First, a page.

|Location:||War in the Air|
This aircraft was actually an unpowered autogyro kite, intended for use as an observation platform for German U-Boats. Light and simple but effective, it could be dismantled for stowage in two watertight compartments aft of the conning tower, and after assembly, towed by the U-Boat at an airspeed of some 40kph/25mph, at the end of a 150m long wire, thus giving it forward speed for its three-bladed rotor to windmill/auto rotate and therefore generate lift. From a height of some 120m, giving a visual range of some 25 nautical miles (46km) its pilot could then telephone any sightings to the U-Boat, though with the disadvantage that it left the U-Boat exposed on the surface, and any crash-dive would result in the loss of autogyro and possibly the pilot as the towing cable was released by the pilot, who then parachuted down-in normal situations it took 20 minutes to recover, dismantle and stow the Fa 330.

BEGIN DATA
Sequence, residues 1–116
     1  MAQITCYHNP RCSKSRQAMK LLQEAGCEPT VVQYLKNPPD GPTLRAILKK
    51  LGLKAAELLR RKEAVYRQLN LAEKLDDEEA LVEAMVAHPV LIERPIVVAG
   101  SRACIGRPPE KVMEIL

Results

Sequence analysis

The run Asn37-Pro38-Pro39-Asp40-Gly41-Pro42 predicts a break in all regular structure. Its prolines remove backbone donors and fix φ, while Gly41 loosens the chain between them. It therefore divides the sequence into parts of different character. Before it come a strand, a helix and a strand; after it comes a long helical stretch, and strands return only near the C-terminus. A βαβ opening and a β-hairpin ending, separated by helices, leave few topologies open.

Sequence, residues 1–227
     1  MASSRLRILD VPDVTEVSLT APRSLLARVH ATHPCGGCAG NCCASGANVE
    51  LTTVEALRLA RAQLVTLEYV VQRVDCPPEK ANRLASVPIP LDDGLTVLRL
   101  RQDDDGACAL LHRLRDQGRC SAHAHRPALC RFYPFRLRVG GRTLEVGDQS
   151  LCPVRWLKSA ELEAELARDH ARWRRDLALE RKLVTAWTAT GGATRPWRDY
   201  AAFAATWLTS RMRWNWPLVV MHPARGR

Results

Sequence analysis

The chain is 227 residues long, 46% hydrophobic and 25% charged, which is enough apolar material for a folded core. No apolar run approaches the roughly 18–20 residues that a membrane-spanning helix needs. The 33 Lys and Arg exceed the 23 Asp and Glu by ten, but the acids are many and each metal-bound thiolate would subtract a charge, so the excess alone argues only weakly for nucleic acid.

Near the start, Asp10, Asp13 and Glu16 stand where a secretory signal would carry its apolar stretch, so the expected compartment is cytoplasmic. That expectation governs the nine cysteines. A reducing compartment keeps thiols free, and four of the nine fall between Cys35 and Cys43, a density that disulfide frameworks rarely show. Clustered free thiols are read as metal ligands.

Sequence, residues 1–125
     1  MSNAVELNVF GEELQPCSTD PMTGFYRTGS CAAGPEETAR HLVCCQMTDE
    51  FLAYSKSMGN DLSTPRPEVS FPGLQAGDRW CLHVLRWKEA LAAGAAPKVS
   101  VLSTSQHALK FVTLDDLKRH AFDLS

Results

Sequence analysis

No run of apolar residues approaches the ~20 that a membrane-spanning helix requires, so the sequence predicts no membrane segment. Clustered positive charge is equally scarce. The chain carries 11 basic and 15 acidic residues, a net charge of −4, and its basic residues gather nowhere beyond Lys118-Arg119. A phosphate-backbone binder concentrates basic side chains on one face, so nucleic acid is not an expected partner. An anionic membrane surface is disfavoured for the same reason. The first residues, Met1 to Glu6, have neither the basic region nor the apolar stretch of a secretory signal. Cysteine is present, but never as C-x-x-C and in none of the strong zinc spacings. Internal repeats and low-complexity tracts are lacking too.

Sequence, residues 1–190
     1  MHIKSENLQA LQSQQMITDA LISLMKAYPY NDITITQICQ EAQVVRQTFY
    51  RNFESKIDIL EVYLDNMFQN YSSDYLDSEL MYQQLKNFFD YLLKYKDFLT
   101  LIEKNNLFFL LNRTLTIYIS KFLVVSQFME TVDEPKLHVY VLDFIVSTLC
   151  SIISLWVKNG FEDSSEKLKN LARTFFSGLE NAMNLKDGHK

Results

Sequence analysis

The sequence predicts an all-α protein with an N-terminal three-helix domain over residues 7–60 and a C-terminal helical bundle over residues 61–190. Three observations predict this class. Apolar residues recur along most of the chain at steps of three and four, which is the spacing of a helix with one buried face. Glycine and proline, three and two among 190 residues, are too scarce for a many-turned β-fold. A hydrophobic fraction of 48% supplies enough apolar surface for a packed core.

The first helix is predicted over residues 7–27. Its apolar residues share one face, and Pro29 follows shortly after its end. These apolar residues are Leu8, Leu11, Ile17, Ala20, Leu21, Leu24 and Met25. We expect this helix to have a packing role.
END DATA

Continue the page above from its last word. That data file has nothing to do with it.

Designed by Heinrich Focke, testing of the type began in mid-1942, and operational deployment began in early 1943, with some 200 built.
As Allied air cover was considered too much of a threat in most theatres of operations, only a few U-Boats operating in the southern Atlantic and Indian Ocean used the Fa330 operationally, leading to just one recorded incident of the Fa330 being used to spot, intercept and sink a Greek steamer on 6 August 1943.
A number of Fa 330s were test flown post-war in the UK, France, and the USA, and due partly to its small size and ease of storage, several survive in museum collections.